Nat Bullard, the long-time climate writer, consultant and expert who serves on the advisory board for the energy think tank Ember, published his annual decarbonization deck last week, comprising 200 charts illustrating the state of climate tech.
The chart above caught my eye.
Although the title sounds hopeful enough, a closer look at the data is discouraging.
Despite increasingly urgent calls from the Intergovernmental Panel on Climate Change for expansion of carbon dioxide removal projects, the number of commercial-scale operating systems has hardly budged in the last six years.
What has grown is the pipeline of projects in the feasibility and development stages. But will these early-stage projects develop fast enough to matter for the climate? The chart suggests that the path from feasibility to operation is a very slow climb.
The good news is that there is a well used playbook for speeding climate tech adoption, and it shows up throughout Bullard’s presentation.
The state of durable carbon removal
All durable carbon capture projects (ones based on technology rather than nature, such as trees) combined today have removed less than 230,000 tons of CO2 from the atmosphere. That’s far from the nearly gigaton-scale of durable carbon removal many estimates suggest we’ll need by 2030, and 4 gigatons per year we’ll need by 2050, to stay within the goals of the Paris climate accord.
The IEA defines "commercial-scale" as projects capturing over 100,000 tons of CO2 per year. That’s a low threshold in the face of a gigaton-scale problem. The planet would need 10,000 companies to spring up and reach this operating capacity in the next six years to achieve global gigaton-scale removal by 2030.
The good news is that nearly three-quarters of carbon removal operators anticipate they’ll be able to remove 100,000 tons of carbon annually by the end of the decade, according to a recent survey by CDR.fyi. The bad news is that the survey was based on just 91 companies, 1 percent of what’s needed at the 100,000-ton level.
Source: 2023 Market Outlook and Summary, CDR.fyi
Cost is the highest barrier
To achieve mass adoption, the costs of carbon removal have to come down. For direct air capture, that threshold is around $200 per ton, comparable with other waste disposal costs, which range from $170 to $205 per ton of solid waste, according to a BCG report.
The costs of direct air capture (DAC) today range from around $600 to $1,000 per ton of CO2 removed from the atmosphere and permanently sequestered. Reducing this to less than $200 per ton would require an 70-80 percent decrease.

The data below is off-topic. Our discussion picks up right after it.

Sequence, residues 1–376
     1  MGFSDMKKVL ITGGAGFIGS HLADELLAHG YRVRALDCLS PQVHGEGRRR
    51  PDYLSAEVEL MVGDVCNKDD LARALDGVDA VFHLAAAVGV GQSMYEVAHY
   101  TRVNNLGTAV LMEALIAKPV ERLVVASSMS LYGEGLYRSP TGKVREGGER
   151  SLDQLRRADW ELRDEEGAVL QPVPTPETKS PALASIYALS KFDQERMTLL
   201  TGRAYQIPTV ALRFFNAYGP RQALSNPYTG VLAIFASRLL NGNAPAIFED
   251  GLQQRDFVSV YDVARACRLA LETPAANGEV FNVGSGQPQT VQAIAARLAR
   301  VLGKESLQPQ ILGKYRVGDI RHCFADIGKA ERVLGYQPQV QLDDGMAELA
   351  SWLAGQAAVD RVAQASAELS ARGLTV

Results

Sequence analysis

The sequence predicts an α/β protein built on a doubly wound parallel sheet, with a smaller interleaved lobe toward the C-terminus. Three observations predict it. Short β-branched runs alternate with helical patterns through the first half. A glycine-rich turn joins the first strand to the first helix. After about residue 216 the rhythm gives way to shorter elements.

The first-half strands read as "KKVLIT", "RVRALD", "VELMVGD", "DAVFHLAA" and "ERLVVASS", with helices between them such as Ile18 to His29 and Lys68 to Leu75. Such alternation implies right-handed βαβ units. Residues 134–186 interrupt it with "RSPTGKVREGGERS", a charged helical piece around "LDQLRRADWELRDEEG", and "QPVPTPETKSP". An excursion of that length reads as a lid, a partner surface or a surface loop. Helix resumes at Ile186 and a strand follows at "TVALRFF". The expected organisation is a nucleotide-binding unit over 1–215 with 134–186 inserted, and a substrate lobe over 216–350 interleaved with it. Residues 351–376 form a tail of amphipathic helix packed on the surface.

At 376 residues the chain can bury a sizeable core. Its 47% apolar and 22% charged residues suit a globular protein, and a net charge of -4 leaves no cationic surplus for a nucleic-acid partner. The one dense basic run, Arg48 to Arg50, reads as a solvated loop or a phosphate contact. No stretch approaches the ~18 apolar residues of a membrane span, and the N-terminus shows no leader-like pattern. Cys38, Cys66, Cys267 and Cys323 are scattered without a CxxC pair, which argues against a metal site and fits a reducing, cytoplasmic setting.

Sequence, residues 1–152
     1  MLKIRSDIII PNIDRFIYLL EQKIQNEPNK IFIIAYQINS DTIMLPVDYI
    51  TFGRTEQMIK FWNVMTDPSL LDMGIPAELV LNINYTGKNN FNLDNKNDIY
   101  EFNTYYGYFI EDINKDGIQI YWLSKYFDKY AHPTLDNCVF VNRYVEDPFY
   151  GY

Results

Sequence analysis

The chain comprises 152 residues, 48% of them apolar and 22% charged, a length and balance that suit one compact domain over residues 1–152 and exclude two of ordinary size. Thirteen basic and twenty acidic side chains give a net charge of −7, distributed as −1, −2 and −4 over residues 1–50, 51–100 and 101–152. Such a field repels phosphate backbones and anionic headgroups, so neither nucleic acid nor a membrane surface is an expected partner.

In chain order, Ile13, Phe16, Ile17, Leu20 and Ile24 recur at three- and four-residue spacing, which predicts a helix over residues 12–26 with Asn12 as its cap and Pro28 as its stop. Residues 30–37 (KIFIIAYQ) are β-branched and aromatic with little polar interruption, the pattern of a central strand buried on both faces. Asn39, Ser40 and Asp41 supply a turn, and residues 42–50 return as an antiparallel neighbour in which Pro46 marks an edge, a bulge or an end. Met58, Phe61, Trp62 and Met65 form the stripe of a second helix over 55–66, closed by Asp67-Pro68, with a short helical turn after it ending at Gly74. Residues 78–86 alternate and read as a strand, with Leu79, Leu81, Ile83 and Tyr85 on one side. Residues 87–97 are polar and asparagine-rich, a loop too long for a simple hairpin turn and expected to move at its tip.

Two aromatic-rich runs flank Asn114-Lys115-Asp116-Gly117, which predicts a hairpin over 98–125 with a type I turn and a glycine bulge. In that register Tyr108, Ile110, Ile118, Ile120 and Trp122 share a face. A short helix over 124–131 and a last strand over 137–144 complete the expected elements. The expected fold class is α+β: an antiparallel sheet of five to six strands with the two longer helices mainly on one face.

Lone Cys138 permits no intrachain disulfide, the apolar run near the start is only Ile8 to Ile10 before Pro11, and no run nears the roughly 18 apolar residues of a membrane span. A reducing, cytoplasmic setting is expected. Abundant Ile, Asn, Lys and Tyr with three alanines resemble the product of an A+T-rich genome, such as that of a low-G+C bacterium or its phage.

While technically possible, the timeframe for such a steep cost reduction is too long. Solar photovoltaic module costs have declined more than 90 percent over the last 40 years. But to limit warming to less than 2 degrees Celsius, we must achieve similar reductions in the costs of carbon capture in 20 years or so. The current policy and investment environment is unlikely to get us there.
We know what to do
A recurring theme in Bullard’s deck is that markets respond to incentives. He provides examples of rapid technology adoption in the renewables sector following financial incentives that range from removal of subsidies for fossil fuels to changes in net metering policies.
The carbon removal industry needs similar incentives to scale up operations and bring down costs.
Capital expenditures for gas turbines, for example, have fallen 15 percent for every doubling in production capacity. If DAC follows a similar learning curve, then an investment of about $200 billion would advance the technology enough to make its costs viable at scale, according to BCG’s research.
And that investment can come in many forms. Advance market commitments such as the Frontier Climate Fund provide developers confidence to get started, knowing that there will be an end buyer.
Source: Nat Bullard, Decarbonization: Stock flows, abundance and scarcity, net zero
The $100 million XPrize for carbon removal provides incentives for early-stage companies to take a chance. The evidence that incentives such as this work to accelerate a market is clear: Half of the carbon removal teams competing for the XPrize were founded since the prize launched in 2021.
Tax credits for carbon removal, like those in the Inflation Reduction Act, can further drive down costs and speed up deployment. Other countries including the U.K. have instituted similar incentives for carbon capture research and deployment.
But so far these efforts total less than $3 billion a year.
There are plenty of concrete opportunities to provide the incentives necessary for operating CDR facilities to scale rapidly. One clear opportunity is permitting carbon removals to count as Scope 3 mitigation for companies working on net zero targets. Providing low-cost debt to CDR developers would also help get more capital-intensive projects off the ground.